Betsy DeVos: McAuliffe gaffe and COVID closings spark pro-parent school movement | #Education

Former Education Secretary Betsy DeVos deserves a bureaucratic Purple Heart. Maybe two.
One for overcoming the hatred ginned up against her by the nation’s teachers unions and liberal politicians before she was even confirmed in 2017. The other for taking on a Department of Education permanent staff set against her policies and a White House that did little to help her.
“I was under attack immediately. I’d had many years of hand-to-hand combat with the teachers unions in Michigan,” she said of the National Education Association and the American Federation of Teachers. “I was a known quantity to them, and they were not happy with that prospect of my being in their department.”
She said the unions forced her Democratic friends to vote against her, leading Vice President Mike Pence to break a 50-50 tie.
She recalls in her new book, Hostages No More, to be released Tuesday, that Sen. Cory Booker (D-NJ), who she had worked with to improve Newark schools, voted against her with a simple thumbs down. “Very disappointing,” she said in an interview.

Sen. Elizabeth Warren (D-MA) wouldn’t even look at her after a confirmation hearing. “I was trying to be nice afterwards and went to shake her hand, and she ignored me and just literally spun the other way and walked out,” said DeVos.
It wasn’t much better in her new department. For example, her office receptionists didn’t come in, deciding to telework. “How can you be a receptionist if you are not there to actually receive people? It was just mind-boggling,” said DeVos.
And the White House didn’t help much. As with other departments, President Donald Trump’s personnel team took months to fill top jobs, obsessing over tweets seen as anti-Trump and trying to push inexperienced supporters into top jobs.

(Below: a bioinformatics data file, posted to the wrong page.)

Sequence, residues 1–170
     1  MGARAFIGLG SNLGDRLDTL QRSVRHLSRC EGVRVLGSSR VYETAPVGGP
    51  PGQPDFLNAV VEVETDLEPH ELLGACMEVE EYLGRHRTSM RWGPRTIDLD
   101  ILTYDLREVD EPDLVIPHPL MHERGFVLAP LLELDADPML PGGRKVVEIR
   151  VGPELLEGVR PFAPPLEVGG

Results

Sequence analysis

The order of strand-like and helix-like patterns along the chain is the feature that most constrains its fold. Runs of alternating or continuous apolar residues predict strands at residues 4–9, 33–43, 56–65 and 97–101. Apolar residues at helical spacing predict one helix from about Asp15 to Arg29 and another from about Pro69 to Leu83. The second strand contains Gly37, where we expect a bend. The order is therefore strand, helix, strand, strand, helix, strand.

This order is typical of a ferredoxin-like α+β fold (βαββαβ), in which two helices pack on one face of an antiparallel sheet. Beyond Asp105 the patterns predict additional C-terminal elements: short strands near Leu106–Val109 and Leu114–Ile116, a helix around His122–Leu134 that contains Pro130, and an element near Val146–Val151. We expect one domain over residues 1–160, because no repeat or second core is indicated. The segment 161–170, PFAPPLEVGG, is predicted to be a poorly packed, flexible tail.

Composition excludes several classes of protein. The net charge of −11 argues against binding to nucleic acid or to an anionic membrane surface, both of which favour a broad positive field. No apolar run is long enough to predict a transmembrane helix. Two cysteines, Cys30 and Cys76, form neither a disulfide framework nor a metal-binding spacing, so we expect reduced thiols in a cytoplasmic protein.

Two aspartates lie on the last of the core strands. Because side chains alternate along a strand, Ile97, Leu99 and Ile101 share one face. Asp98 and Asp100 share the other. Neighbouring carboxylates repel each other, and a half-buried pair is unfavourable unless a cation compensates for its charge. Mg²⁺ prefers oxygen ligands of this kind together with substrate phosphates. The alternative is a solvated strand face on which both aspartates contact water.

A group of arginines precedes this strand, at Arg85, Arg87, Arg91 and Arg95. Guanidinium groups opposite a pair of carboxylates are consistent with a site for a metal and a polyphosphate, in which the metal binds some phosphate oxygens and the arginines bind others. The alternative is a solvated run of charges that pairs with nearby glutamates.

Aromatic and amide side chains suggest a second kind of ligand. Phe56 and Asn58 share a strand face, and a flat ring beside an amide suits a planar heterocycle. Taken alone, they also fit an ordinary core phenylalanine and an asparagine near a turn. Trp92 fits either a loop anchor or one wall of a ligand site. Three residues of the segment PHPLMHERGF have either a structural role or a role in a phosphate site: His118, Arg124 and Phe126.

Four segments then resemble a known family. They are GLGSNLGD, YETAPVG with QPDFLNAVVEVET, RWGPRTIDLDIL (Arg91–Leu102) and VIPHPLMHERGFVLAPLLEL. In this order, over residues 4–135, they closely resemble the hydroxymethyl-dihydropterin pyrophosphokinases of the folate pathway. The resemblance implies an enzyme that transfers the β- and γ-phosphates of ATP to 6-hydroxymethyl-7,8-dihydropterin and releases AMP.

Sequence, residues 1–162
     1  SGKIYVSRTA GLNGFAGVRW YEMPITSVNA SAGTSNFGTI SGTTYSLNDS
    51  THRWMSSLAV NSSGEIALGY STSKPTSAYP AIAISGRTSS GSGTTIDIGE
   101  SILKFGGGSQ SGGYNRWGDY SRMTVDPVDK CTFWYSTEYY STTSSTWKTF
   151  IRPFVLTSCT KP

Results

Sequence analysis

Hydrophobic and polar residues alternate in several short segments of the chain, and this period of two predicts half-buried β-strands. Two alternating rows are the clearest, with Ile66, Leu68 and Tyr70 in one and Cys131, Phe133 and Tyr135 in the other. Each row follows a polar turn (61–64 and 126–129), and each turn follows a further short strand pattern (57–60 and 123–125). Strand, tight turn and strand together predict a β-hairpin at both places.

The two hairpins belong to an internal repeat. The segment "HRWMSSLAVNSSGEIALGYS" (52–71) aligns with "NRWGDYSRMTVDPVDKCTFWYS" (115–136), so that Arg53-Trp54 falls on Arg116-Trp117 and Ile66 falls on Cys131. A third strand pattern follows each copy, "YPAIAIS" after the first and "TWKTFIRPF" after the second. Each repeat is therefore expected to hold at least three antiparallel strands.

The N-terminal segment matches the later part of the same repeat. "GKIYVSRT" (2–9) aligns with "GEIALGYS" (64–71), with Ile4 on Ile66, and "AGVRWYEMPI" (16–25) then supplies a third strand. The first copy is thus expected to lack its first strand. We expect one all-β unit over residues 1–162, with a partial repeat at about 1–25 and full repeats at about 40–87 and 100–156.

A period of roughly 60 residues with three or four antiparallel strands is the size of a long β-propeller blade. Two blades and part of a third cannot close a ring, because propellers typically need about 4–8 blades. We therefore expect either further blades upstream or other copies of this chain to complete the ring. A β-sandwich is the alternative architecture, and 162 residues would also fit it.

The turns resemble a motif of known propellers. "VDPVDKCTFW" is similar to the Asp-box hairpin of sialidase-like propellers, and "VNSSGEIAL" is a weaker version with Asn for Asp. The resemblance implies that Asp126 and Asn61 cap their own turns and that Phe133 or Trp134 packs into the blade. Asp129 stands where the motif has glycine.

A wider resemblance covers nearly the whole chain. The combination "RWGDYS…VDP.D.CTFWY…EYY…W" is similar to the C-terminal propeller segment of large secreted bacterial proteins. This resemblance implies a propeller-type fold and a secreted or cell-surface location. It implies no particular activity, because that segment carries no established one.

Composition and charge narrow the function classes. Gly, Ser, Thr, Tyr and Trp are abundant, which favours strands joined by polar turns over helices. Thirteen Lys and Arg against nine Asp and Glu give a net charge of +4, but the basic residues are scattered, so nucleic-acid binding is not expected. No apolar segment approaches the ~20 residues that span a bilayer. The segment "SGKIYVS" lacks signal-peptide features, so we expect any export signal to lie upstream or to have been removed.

“Pretty much everything we did took two times, 10, 20 times what it should take,” DeVos said of her early months as America’s top education official.
But like Trump, also subjected to 24/7 attacks on Capitol Hill and in the media, DeVos succeeded in making several new policies, and now, she’s getting some credit.
“Arguably, never have a Cabinet secretary’s policies been so distinct from their demonic image, epitomizing the immense disconnect between symbols and realities in today’s Washington,” said the American Enterprise Institute.
What’s more, she is benefiting from the pro-parent movement in education, prompted in part by former Virginia Gov. Terry McAuliffe’s pro-union push against parental involvement, a position that killed his 2021 campaign for a second term.
DeVos is using that for a national campaign built around her book to call for a new “education freedom” that promotes school choice and reform, a movement that began when families frustrated with months of COVID-19-related school closings moved to home-schooling and other alternatives.
In Hostages No More: The Fight for Education Freedom and the Future of the American Child, DeVos offers a pro-parent agenda to follow to bring reform and freedom to schools.
“That’s just another proof point for the ultimate goal, which is total education freedom, empowering every family to direct their kid’s education, location, or experience,” she said.

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